Transcripts and associated documents of the Nuremberg Trials (officially the International Military Tribunal for Germany) have been digitized, organized, and made available for free on the Web through several ongoing initiatives, including Yale’s Avalon Project, the Nuremberg Trials Project at Harvard Law, and the Donovan Nuremberg Trials Collection at the Cornell Law Library. The National Archives has also converted many of their microform documents on WWII crimes and trials to PDF.

Although no comparably extensive online compilation yet exists for the Tokyo Trials (International Military Tribunal for The Far East), some of the most important and interesting documents are available on iBiblio.org through the HyperWar Foundation (the Tribunal’s judgment) and the Harry S. Truman Library website (official correspondence and photos). For now, full transcripts of the Tokyo Trials are only available in print, here at Georgetown in the Wolff Library.

The Law Library also offers a good selection of relevant print and electronic resources; try an Encore keyword search to see our cataloged holdings on the Nuremberg and Tokyo Trials.

Link Rot and Legal Resources

The Chesapeake Project Legal Information Archive has released the results of its third annual analysis of “link rot” among the original URLs for law- and policy-related materials published to the Web and archived though the Chesapeake Project.

The 2010 analysis reveals that nearly 28 percent of the online publications archived between March 2007 and March 2008 have now disappeared from their original locations on the Web but, due to the project’s preservation efforts, remain accessible via permanent archive URLs. This sample of online publications was first analyzed in 2008 and showed link rot to be present in 8.3 percent of the publications’ original URLs. One year later, in 2009, the same sample showed an increase in link rot to 14.3 percent.

During the three years that the URLs were studied, link rot increased from about one in every 12 archived titles in 2008, to one in every seven titles in 2009, and finally to about one in every 3.5 titles in 2010. These findings demonstrate a dramatic increase in link rot among archived Web content over time.

The analysis also explores the prevalence of link rot among top-level domains, showing content at state-government URLs (.state.__.us) to be at a significant risk for link rot, compared to resources posted to government (.gov) and organization (.org) Web sites.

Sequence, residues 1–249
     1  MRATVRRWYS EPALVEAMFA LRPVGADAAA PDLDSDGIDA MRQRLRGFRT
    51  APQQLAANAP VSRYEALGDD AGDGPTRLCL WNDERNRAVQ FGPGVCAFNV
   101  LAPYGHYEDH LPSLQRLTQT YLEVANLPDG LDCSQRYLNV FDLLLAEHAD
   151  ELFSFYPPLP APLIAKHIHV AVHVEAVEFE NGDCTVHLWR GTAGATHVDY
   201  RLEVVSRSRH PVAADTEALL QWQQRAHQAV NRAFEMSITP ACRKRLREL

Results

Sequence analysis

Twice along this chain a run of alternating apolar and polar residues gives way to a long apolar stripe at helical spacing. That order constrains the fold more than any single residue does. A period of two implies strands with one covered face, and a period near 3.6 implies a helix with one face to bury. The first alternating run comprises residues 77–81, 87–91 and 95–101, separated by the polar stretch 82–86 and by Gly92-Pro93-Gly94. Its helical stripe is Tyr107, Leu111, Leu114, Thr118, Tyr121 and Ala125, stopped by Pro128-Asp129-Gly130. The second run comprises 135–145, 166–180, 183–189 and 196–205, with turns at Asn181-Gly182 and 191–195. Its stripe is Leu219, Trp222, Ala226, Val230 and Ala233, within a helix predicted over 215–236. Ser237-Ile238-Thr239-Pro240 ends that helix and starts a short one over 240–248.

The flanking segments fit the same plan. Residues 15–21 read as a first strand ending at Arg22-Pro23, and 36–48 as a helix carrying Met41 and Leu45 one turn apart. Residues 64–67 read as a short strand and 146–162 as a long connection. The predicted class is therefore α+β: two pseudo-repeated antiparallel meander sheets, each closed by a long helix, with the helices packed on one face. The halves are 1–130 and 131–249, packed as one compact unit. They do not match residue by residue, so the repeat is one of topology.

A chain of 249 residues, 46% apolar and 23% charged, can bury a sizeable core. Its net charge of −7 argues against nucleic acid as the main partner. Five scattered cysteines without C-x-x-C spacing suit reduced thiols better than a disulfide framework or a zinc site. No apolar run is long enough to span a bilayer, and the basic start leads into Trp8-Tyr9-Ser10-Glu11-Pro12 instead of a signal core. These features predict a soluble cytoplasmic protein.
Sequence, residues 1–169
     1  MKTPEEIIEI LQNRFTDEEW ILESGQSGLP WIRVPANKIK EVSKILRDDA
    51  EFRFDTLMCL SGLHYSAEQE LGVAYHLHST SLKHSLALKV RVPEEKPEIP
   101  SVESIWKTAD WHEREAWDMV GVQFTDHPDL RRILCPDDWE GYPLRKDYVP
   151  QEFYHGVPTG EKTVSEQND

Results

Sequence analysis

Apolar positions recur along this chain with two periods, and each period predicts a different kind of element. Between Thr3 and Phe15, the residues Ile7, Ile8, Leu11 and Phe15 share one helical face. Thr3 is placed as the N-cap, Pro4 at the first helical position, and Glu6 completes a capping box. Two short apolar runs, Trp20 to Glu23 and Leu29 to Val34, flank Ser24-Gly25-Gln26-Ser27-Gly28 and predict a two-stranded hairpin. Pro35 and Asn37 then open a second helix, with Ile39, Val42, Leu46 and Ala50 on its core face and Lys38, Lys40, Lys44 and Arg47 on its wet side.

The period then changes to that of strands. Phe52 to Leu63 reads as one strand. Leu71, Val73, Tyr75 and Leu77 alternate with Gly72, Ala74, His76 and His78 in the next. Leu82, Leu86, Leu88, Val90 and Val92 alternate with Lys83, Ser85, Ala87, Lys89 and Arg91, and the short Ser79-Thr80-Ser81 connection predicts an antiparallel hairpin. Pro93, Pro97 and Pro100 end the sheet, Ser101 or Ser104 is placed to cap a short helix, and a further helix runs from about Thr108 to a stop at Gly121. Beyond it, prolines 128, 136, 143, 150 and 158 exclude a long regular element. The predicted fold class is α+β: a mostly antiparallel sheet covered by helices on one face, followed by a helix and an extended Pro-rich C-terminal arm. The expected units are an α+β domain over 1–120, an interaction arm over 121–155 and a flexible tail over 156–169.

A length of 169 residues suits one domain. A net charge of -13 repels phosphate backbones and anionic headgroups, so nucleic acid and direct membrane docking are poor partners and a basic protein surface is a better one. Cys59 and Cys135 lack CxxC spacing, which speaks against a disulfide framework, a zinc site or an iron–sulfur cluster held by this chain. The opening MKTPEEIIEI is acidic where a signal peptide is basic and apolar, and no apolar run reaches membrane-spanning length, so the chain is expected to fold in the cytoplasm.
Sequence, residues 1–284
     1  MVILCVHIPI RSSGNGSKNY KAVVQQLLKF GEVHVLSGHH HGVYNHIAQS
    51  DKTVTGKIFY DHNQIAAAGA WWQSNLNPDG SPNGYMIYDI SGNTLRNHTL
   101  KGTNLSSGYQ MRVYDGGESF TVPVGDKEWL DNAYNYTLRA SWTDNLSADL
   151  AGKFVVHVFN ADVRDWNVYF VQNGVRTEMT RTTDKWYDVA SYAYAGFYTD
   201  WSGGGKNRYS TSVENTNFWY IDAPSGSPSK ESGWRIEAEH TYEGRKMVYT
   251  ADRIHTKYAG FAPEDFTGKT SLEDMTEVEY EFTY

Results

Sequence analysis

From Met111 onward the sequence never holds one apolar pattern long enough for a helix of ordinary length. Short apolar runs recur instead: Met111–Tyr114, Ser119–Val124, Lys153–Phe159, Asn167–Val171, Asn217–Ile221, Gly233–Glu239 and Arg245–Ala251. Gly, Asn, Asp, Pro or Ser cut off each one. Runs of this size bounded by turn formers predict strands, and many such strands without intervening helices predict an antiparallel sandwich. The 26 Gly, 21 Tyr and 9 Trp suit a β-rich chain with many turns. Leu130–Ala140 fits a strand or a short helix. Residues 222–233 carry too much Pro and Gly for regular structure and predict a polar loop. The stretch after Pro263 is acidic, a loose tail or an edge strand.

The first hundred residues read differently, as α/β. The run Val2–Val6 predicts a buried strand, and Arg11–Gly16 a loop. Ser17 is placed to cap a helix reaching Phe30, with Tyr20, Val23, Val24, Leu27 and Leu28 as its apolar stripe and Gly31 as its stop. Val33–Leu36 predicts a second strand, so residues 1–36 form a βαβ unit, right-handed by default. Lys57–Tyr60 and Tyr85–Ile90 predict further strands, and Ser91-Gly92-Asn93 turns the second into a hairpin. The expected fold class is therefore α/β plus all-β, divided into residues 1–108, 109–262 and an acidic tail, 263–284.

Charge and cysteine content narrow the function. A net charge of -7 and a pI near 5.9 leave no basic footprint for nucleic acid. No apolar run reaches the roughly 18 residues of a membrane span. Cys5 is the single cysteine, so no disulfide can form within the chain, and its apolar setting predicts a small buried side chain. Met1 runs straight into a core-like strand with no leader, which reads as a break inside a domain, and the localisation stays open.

A detailed summary of the study is available at http://legalinfoarchive.org/.

The Chesapeake Project was launched in 2007 by the Georgetown University Law Library and the State Law Libraries of Maryland and Virginia as a collaborative digital archive for the preservation of important Web-published legal materials, which often disappear as online content is reorganized or deleted over time.

Having successfully completed its two-year pilot phase in 2009, the Chesapeake Project Legal Information Archive is expanding. A new law library has recently joined the Chesapeake Project, and the Legal Information Preservation Alliance (LIPA) in March 2010 announced the formation of its Legal Information Archive, a collaborative digital preservation program for the law library community modeled after the Chesapeake Project. All LIPA-member libraries are invited to participate in the Legal Information Archive. 

For more information, visit the LIPA Web site at www.aallnet.org/committee/lipa or the Chesapeake Project at www.legalinfoarchive.org.

C-Span Archives Available Online

Fans of the legislative process have a new favorite Web site to frequent. C-SPAN has made digital copies of every program it has broadcast since 1987 available online. This video collection, totaling more than 160,000 hours, is searchable and is indexed by subject, person name, congressional committee, and several other fields. In addition to its coverage of Congressional activity, C-SPAN also broadcasts original programs, such as Booknotes, and America and the Courts. These programs are included as well, and the entire collection is available at no cost for education, research, review or home viewing purposes.